The readings invite RCIA participants and the believing community to consider inclusion and exclusion. To protect the community’s holiness, the Jewish priests had the authority to exclude those whose outward appearance indicated spiritual illness. The man in today’s gospel seeks wholeness. He knows Jesus has the power to heal him, if Jesus wishes. Of course Jesus wants to! What about us? We have the power to exclude those who look or act differently. We also have the power to heal by including those who ask to join us. Whom do we exclude or separate? When have we been included and healed? Who still remains in the empty places, waiting?

—Terence Sherlock

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12 February 2017: Sixth Sunday in Ordinary time

Reading 1 Response Reading 2 Gospel
Sir 15:15-20 Ps 119:1-2, 4-5, 17-18, 33-34 1 Cor 2:6-10 Mt 5:17-37

The law, the kingdom, and the challenge of discipleship

Green_banner_sm During Ordinary time the Lectionary invites RCIA participants and the believing community to hear and to reflect on stories and teachings from Jesus’ everyday ministry. The gospel continues Jesus’ Sermon on the Mount discourse. This week’s readings focus on the need of a disciple’s attitudes and actions to surpass the Law.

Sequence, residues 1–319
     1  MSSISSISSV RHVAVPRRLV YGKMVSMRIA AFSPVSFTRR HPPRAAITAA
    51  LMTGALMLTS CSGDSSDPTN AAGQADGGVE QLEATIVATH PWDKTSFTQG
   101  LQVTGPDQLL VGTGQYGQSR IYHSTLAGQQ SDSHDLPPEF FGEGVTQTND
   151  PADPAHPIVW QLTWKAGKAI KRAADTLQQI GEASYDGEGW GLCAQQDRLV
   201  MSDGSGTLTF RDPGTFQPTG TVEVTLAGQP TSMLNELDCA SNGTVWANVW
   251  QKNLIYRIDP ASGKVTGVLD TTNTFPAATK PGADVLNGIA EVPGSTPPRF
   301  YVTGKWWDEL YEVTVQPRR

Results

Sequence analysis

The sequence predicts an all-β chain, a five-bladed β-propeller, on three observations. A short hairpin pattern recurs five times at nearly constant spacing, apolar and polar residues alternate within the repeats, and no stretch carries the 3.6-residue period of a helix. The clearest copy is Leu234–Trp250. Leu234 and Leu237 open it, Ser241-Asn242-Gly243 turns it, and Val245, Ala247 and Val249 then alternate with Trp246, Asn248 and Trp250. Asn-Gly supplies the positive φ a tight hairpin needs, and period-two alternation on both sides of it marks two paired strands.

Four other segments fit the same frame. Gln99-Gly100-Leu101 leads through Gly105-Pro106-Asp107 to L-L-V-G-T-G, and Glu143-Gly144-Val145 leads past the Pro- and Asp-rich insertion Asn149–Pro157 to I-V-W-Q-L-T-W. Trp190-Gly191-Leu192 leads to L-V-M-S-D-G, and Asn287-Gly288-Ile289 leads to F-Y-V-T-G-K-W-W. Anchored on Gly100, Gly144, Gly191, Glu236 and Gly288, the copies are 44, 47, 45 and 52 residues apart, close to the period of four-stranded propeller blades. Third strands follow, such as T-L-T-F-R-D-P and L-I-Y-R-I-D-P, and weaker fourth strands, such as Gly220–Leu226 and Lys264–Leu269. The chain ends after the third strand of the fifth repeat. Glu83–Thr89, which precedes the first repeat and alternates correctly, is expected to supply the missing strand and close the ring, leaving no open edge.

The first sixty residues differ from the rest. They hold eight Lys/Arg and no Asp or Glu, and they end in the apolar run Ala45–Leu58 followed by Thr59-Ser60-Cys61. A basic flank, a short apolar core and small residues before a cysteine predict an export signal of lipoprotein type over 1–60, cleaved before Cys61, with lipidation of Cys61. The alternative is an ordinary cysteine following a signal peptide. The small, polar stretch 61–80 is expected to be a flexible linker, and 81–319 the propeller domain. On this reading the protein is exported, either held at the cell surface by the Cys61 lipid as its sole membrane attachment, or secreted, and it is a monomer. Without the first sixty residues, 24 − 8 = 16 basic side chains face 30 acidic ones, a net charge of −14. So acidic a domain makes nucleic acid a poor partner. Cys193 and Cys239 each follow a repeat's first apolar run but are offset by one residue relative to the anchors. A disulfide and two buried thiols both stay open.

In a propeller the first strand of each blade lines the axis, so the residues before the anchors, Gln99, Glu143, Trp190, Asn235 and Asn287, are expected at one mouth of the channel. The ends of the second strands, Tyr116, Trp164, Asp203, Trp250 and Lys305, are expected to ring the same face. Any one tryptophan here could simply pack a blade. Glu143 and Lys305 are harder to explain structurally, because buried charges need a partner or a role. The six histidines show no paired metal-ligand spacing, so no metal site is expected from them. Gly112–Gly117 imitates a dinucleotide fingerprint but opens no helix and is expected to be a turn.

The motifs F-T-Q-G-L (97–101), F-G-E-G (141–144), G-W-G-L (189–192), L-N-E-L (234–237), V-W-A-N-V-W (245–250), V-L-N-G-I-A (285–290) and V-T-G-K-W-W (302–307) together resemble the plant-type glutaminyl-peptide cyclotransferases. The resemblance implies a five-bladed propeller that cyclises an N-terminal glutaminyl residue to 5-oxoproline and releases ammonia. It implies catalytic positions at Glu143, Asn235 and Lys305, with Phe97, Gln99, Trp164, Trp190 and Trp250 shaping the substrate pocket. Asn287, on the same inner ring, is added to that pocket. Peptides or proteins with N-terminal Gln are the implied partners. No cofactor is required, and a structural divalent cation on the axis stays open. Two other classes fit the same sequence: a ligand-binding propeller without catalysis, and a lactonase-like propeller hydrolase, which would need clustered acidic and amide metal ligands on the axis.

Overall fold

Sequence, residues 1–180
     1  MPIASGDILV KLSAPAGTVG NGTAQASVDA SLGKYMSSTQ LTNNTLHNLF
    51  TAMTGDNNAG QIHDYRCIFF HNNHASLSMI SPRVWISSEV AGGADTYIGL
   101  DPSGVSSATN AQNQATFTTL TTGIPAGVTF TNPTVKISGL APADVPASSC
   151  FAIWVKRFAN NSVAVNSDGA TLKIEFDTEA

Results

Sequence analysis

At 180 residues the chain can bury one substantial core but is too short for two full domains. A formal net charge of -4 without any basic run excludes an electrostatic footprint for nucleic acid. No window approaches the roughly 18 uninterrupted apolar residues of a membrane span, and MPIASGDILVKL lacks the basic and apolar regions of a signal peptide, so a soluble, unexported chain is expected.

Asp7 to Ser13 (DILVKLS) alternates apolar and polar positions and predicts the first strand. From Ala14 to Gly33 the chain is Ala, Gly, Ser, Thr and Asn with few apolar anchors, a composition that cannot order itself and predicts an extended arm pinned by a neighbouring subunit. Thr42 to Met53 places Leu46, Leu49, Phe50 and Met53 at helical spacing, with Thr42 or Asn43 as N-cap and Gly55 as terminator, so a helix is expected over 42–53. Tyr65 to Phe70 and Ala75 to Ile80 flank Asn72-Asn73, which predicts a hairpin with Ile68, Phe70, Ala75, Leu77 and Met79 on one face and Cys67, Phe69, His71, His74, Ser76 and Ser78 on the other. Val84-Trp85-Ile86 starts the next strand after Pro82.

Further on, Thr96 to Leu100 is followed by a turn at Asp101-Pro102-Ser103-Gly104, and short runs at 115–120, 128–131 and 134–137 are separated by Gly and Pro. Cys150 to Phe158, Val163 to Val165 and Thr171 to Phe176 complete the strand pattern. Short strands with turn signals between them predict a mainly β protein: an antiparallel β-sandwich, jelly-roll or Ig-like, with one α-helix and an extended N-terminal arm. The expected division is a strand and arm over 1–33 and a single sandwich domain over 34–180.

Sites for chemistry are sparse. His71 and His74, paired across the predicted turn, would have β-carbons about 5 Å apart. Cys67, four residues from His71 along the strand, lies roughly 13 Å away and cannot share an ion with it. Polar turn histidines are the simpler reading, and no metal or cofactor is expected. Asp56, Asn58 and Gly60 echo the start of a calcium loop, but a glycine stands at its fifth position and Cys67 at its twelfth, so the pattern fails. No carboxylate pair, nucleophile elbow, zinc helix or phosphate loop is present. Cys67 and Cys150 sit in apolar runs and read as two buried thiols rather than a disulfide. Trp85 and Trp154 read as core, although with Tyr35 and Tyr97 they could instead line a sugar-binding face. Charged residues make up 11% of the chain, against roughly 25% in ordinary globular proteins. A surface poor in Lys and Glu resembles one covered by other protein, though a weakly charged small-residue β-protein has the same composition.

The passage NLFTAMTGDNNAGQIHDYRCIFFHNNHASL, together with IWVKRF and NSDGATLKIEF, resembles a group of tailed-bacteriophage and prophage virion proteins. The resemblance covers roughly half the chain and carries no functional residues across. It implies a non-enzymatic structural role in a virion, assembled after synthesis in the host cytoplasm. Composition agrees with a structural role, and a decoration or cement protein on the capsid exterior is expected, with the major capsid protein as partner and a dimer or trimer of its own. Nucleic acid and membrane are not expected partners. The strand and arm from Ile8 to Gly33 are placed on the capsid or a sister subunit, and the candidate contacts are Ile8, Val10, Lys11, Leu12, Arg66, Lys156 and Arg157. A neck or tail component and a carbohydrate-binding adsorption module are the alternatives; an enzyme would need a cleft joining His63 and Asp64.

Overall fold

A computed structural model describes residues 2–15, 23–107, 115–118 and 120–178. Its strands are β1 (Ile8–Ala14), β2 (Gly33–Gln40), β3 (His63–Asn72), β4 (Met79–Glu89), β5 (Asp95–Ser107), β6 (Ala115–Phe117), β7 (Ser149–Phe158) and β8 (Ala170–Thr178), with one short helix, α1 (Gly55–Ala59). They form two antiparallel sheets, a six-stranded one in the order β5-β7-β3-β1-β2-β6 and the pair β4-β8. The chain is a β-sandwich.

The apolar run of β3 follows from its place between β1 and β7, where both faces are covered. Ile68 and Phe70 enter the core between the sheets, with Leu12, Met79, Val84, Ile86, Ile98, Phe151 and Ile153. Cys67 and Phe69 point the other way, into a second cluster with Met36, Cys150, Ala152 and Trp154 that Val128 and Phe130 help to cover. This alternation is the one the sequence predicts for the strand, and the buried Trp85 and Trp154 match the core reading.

In the first reading, the wisdom writer Sirach links free will with human responsibility. God gives everyone a choice to choose good or evil; the wise person chooses to follow the Law (commandments), and therefore to choose life. Christian hearers also understand God has given us a model to follow (Jesus, God’s son). Jesus’ own choices provide a template for actions and attitudes that exceed the Law (see today’s gospel).

The second reading continues Paul’s first letter to the Corinthians. Last week, Paul urged the Corinthians to search for something wiser than human wisdom. This week, Paul tells the Corinthians that they can grasp God’s wisdom only if they become open to the Spirit and the language that the Spirit teaches.